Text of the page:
12/22/2014 at 11:32 •
It needs a bit of filtering and frequency domain analysis, Fourier stuff, to extract the information you want, eg range, or speed, or imaging, and discard the stuff you don't. But that's mainly a software problem - there's now an analog output ready for the computer.
Sure, I can do basic proximity detection and rangefinding at the bench scale with existing ultrasound or infrared sensors, but this is so much more interesting.
12/22/2014 at 11:28 •
Trying a video on the iPad for the first time, so sorry if the camera is a bit clumsy. I think it's actually a little bulky and awkward compared to using a phone.
Here the voltage on the varactor is held constant, without any modulation, so the output frequency isn't being modulated.
The only thing that comes out from the mixer is the frequency offset of the Doppler-shifted RF reflected back from a target that is moving. In this mode, spatial mapping or rangefinding is impossible, but measuring a target's speed, like a police radar, is possible.
A stationary target produces no signal, no matter how close it is or what its radar cross-section is like. Much like the Tyrannosaurus that eats Gennaro in Jurassic Park, it can only "see" movement.
And I just realised there's a typo in the title.
09/29/2014 at 07:00 •
NOTE: This is an 8-minute video, I know it is slightly longer than the 5 minutes requested by the THP judges. I think you'll still get some valuable substance and overview of the project work thus far if you stop watching at the 5 minute mark... so hopefully they are not too strict about an extra couple of minutes. Hope that's OK :)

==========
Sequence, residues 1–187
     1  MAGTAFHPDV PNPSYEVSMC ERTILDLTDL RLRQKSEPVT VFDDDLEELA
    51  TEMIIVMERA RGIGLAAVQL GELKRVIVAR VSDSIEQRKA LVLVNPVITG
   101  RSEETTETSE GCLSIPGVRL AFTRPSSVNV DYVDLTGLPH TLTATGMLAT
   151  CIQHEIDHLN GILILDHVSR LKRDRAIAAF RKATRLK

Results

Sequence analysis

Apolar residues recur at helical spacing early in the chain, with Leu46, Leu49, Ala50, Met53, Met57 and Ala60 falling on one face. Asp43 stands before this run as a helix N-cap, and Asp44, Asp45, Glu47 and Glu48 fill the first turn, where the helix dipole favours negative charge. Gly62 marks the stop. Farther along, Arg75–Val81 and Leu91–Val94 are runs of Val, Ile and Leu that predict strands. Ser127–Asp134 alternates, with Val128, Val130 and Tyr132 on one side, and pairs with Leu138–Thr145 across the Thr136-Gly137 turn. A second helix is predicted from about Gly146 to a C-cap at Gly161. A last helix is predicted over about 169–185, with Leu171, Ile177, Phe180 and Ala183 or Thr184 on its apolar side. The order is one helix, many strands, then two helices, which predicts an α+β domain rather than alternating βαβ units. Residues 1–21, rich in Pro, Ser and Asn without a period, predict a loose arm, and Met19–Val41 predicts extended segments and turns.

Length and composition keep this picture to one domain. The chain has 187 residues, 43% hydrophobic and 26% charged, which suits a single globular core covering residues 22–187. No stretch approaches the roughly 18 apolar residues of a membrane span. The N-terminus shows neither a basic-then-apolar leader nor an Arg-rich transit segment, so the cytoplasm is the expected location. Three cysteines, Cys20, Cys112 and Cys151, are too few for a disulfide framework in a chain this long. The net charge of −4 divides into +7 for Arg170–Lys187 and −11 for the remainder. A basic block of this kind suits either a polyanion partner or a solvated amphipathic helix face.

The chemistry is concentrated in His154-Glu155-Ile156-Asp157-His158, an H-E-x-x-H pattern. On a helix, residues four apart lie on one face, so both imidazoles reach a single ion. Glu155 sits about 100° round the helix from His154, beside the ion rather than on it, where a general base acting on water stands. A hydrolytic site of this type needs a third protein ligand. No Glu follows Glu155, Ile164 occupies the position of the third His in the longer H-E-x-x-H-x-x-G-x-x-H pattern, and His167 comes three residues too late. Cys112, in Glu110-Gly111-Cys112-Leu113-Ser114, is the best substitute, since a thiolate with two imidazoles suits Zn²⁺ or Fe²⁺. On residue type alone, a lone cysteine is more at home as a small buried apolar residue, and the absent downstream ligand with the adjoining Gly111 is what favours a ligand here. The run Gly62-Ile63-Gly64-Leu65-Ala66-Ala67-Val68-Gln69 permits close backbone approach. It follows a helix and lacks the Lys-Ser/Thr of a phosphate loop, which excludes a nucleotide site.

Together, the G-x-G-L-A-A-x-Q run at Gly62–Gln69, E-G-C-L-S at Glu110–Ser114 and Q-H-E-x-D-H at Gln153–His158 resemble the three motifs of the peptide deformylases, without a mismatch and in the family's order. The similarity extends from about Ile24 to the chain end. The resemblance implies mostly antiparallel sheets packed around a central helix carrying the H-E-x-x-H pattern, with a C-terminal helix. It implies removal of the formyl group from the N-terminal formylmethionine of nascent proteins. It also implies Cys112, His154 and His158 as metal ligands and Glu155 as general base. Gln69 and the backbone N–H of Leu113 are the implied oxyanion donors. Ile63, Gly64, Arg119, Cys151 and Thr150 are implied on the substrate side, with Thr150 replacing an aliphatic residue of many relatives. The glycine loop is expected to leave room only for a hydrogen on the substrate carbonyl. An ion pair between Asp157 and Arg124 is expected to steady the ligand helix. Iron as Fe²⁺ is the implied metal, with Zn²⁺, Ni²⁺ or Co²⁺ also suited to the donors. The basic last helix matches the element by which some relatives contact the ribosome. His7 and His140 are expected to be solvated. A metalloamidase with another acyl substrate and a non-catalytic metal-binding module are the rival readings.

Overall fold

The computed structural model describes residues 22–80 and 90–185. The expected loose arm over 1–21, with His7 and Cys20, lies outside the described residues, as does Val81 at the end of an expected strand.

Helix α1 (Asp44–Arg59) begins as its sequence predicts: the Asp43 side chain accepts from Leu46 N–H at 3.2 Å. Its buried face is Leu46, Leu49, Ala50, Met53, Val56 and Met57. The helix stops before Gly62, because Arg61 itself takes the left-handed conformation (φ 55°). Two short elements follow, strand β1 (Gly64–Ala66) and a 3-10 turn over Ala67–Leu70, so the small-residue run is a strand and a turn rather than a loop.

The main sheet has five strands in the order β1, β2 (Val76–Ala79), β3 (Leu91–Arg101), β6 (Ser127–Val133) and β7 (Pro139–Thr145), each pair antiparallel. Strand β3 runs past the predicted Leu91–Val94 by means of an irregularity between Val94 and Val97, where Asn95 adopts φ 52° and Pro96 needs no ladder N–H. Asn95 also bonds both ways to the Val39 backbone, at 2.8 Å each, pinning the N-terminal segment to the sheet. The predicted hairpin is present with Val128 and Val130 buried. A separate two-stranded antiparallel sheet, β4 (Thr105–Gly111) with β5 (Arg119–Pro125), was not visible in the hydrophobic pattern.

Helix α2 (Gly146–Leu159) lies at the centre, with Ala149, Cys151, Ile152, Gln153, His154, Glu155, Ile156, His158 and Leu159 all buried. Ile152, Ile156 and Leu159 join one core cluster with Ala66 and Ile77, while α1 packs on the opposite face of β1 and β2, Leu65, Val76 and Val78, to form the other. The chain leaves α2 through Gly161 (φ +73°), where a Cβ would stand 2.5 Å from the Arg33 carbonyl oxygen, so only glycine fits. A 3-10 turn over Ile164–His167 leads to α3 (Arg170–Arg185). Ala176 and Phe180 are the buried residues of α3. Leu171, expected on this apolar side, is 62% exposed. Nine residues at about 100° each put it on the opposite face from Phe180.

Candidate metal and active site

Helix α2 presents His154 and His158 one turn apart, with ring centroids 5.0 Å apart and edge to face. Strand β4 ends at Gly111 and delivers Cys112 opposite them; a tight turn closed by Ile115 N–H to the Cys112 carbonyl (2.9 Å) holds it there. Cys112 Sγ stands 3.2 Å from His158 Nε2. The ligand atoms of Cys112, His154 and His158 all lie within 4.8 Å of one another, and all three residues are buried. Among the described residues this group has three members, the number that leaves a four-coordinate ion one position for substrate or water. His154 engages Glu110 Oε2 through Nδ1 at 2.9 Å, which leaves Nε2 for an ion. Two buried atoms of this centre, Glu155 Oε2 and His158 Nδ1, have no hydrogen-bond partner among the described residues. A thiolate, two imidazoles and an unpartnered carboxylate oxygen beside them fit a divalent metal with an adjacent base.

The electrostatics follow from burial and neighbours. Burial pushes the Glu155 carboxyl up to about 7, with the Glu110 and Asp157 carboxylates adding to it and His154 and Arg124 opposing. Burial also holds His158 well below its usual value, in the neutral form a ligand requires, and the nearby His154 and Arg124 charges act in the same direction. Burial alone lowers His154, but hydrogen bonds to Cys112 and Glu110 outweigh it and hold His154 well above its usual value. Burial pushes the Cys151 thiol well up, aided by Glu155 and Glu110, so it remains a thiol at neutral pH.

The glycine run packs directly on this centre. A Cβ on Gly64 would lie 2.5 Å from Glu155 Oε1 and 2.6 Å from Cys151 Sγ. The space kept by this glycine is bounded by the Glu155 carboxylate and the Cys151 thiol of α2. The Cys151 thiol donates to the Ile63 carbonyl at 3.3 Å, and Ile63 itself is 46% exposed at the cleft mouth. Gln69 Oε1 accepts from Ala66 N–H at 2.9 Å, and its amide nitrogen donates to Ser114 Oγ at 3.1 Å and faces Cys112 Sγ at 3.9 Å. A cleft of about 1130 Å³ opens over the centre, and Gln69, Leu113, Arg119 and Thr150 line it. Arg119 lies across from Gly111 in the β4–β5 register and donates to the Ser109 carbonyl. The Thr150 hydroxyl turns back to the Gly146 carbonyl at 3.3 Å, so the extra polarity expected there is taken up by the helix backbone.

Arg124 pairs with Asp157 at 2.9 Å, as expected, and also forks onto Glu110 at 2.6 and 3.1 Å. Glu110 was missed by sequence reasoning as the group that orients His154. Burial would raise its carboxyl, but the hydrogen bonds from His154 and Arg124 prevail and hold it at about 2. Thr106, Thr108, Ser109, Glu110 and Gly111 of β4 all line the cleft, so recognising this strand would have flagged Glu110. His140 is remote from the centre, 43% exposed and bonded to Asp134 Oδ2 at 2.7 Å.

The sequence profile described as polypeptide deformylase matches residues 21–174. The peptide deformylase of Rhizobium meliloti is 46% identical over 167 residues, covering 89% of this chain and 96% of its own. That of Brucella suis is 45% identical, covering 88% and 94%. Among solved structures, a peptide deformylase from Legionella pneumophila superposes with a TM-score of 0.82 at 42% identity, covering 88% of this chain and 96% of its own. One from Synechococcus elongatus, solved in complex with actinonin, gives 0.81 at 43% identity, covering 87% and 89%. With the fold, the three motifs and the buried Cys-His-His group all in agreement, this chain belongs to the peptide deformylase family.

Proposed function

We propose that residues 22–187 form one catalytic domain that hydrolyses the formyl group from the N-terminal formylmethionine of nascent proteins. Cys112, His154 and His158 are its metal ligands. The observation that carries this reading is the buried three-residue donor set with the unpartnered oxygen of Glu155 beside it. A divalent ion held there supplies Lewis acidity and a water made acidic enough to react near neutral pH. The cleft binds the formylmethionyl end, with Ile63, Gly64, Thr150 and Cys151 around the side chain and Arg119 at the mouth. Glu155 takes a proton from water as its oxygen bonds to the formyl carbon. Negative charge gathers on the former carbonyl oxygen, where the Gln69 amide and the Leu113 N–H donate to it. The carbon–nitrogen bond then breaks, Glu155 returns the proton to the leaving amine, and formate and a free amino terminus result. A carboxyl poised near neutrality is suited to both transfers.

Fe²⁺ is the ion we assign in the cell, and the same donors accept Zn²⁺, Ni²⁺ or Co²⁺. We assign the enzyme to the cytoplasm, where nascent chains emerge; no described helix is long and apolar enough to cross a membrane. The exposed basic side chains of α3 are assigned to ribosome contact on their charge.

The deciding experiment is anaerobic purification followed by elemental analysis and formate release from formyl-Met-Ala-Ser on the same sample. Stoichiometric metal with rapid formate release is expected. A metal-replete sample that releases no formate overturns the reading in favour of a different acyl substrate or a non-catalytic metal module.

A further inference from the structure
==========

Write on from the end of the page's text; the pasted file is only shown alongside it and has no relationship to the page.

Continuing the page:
Please enjoy, and feel free to let me know if you have any comments or questions! :)
09/29/2014 at 06:59 •
See, you can see just how productive my desk is today! (I swear it's not usually this bad!). I guess you could call this a behind-the-scenes "how it's made" sneak-peek.
09/29/2014 at 06:54 •
This is the schematic of my HMC476 "building block" module for prototyping. I'm going to have everything on GitHub for public open-source consumption shortly, but right now, you can enjoy a pic :) Please do comment if you have any questions. :)
09/29/2014 at 06:45 •
In fact I am uploading it right now! :)
08/21/2014 at 04:36 •
If you're interested in software, you might be wondering how much software I have for this project, or where you can check it out. I've just put some code up on GitHub, you can check it out by following the sidebar link.
Truth be told, there isn't much software right now.
Part of the reason for this is that I'm focussing on the relatively tricky microwave electronics first, and getting the RF hardware platform working. Another reason is that some people (Greg Charvat, for example) have already created some fantastic signal processing software tools and shared their contributions with the world.
I've put up my quick SPI test code, using an Arduino to drive a Microchip SPI DAC to generate a triange-wave modulation signal (this is amplified, as previously discussed, into an 0-10V signal.) However, this was just a quick experiment and it is unlikely that the finished product will use an ATmega328 microcontroller or Arduino-compatible bootloader. I'll continue to share any quick little software tests, tools or scripts as they come along.